Wednesday, August 17, 2011

The Great Wiener War of 2011

Are "all beef" hot dogs really made with only beef, and nothing else?  Should a "100% pure beef" hot dog be allowed to contain other, non-beef ingredients?  Is anyone actually confused by the terms "all beef" or "100% pure beef" when used to advertise hot dogs?  Do they think they're purchasing steak or hamburger meat?  Who are these people that don't know that additives and filler ingredients are actually what makes hot dogs so delicious?

Apparently the "big weenies" of the hot dog industry think this can be confusing.

Kraft Foods Inc., worried that its Oscar Mayer Wieners were losing their market position as America’s top hot dog, launched a massive and misleading ad campaign against the Ball Park franks made by Sara Lee Corp., an attorney for the rival company told a U.S. judge on Aug. 15.

Kraft, the world’s second-biggest food company, was sued by Sara Lee and accused of deceiving consumers with the claim that its franks are 100 percent beef and lying about taste-test results. Northfield, Illinois-based Kraft countersued, claiming Downers Grove, Illinois-based Sara Lee is falsely advertising how its product fared in a contest.

Kraft engaged in a “massive and unprecedented” campaign to mislead consumers, Sara Lee lawyer Richard Leighton told U.S. Magistrate Judge Morton Denlow today at the start of a non-jury trial in Chicago. He said the campaign was driven by Kraft’s fear that Ball Park sales would eclipse those of Oscar Mayer.

Sara Lee, which also produces desserts, breads, coffees and luncheon meats, sued Kraft in 2009, alleging it violated Illinois laws prohibiting deceptive trade practices. Sara Lee, challenging the composition of Oscar Mayer 100 percent jumbo beef franks, seeks unspecified money damages in the trial.

Kraft, the maker of Nabisco cookies, A-1 steak sauce, Cool Whip dessert toppings and Velveeta processed cheese, has accused Sara Lee of violating the state’s deceptive-trade laws by claiming its Ball Park Angus Beef Franks won prizes they didn’t win. Kraft also seeks unspecified money damages.

Oscar Mayer “knew it had a better product,” Kraft attorney Stephen O’Neil said in his opening statement Monday. “It won the taste test convincingly,” over the Ball Park brand and ConAgra’s Hebrew National, “because it knew it had a better product.”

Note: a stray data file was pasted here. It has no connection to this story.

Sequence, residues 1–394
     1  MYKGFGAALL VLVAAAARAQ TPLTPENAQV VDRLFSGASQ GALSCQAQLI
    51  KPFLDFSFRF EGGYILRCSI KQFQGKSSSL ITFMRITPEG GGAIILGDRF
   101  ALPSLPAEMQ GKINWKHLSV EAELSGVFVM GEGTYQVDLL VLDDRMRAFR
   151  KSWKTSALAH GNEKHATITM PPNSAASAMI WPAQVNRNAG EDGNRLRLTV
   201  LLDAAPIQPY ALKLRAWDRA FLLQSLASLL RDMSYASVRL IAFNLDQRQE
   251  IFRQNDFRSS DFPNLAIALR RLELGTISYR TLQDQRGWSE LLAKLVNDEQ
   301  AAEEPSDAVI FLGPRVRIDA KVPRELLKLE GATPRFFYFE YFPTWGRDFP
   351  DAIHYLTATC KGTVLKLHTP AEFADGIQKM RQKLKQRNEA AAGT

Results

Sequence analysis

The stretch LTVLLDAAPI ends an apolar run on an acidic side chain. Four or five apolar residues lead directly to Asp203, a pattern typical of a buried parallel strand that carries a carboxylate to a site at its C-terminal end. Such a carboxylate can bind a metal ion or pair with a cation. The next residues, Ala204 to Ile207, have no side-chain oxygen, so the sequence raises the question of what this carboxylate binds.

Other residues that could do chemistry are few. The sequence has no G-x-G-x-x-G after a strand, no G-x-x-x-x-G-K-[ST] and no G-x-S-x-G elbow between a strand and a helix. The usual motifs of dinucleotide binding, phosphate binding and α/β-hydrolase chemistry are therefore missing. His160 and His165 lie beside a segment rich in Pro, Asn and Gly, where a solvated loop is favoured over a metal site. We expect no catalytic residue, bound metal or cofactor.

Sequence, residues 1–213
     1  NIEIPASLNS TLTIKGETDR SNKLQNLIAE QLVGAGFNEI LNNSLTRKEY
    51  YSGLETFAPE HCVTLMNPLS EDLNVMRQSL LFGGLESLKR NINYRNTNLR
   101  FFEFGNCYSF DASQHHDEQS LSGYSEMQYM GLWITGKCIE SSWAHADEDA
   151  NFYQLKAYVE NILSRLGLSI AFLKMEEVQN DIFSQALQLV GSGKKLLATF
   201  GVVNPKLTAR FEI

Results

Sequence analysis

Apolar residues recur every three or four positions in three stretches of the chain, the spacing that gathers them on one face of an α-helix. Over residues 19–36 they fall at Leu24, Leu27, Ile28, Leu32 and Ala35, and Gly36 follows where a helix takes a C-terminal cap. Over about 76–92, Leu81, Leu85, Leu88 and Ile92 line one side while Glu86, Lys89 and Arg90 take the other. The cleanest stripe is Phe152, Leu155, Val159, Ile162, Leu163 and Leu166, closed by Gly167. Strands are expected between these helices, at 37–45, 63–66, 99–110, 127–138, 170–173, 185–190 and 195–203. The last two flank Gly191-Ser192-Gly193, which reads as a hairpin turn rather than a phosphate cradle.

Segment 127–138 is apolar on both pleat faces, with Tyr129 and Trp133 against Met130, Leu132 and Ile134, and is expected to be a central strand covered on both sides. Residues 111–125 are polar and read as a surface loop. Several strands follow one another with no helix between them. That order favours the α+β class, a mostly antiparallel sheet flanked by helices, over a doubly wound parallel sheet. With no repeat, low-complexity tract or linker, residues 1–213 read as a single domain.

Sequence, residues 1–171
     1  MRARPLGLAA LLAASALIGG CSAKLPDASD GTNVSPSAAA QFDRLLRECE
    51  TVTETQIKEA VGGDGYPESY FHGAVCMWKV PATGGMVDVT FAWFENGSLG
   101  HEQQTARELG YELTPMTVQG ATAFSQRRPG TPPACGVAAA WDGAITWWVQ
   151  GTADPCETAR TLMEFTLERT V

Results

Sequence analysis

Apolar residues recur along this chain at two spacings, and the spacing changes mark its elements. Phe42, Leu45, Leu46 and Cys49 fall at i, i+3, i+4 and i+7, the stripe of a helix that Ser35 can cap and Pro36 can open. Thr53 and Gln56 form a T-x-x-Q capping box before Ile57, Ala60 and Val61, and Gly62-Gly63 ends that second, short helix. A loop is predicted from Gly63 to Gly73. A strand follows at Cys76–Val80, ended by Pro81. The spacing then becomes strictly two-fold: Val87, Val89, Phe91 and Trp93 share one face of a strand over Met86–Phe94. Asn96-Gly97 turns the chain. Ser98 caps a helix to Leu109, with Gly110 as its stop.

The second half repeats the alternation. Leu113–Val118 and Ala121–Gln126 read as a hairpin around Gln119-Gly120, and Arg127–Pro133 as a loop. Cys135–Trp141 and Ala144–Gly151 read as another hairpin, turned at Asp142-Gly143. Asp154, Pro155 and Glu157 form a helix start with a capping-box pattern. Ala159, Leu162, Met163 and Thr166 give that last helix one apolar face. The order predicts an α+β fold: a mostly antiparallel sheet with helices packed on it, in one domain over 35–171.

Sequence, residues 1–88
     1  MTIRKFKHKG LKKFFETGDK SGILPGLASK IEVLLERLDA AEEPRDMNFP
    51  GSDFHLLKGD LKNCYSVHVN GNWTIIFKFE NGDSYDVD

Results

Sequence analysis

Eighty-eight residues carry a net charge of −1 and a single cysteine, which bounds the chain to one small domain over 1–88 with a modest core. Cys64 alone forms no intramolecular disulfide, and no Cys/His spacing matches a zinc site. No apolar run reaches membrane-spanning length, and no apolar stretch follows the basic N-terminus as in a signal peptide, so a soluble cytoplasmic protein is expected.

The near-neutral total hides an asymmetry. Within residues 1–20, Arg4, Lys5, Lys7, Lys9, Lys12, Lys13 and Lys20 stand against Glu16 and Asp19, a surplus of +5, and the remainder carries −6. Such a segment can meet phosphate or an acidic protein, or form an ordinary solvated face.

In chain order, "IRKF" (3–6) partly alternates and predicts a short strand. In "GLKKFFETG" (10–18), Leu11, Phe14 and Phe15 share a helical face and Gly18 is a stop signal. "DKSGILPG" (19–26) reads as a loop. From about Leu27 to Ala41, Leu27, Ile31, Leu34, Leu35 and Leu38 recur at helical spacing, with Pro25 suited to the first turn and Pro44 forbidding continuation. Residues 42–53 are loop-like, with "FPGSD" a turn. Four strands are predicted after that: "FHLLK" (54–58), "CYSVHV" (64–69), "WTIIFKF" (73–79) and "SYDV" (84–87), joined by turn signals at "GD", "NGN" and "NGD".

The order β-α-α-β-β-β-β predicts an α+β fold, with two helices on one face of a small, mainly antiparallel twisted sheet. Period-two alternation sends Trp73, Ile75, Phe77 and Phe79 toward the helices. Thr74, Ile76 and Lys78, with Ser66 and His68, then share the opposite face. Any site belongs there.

Consumers in the U.S. bought more than $1.6 billion worth of hot dogs last year, eating about 7 billion of them from the Memorial Day federal holiday in late May to Labor Day at the beginning of September, according to statistics compiled by the National Hot Dog & Sausage Council, a Washington-based meat industry advocacy group.

Sara Lee’s lawyer, Leighton, spoke for about two hours as he challenged Kraft’s claims that its product is pure beef. Sara Lee’s complaint says that Oscar Mayer Wieners contain water, salt, corn syrup, paprika, dried garlic, spices and other ingredients.

Leighton said Kraft’s assertion that its hot dogs had been chosen as America’s best-tasting in a national test was “literally false.”

Kraft touted that claim in print, broadcast and Internet advertisements including one TV add Leighton said had been shown more than 366 million times.

Denlow interrupted Leighton several times, saying that Sara Lee’s complaints about the language in Kraft’s marketing campaign may be too literal.

“I don’t want to leave common sense outside the courthouse door,” the judge said.

He also questioned Sara Lee’s claim its product was best because it had won an award conferred by a San Francisco-based group.

“How would 10 chefs in San Francisco know, when they’ve never been to Chicago or tasted a Chicago hot dog?” Denlow asked.

The case is Sara Lee Corp. v. Kraft Foods Inc., 09-cv-03039, U.S. District Court, Northern District of Illinois (Chicago).


  1. i love to be deceived and mislead.

  2. Ball Park, Oscar Meyer... most Chicagoans I know (myself included) eat virtually nothing but Vienna. That, and no ketchup on a hot dog under any circumstances define the Chicago Dog more than anything else.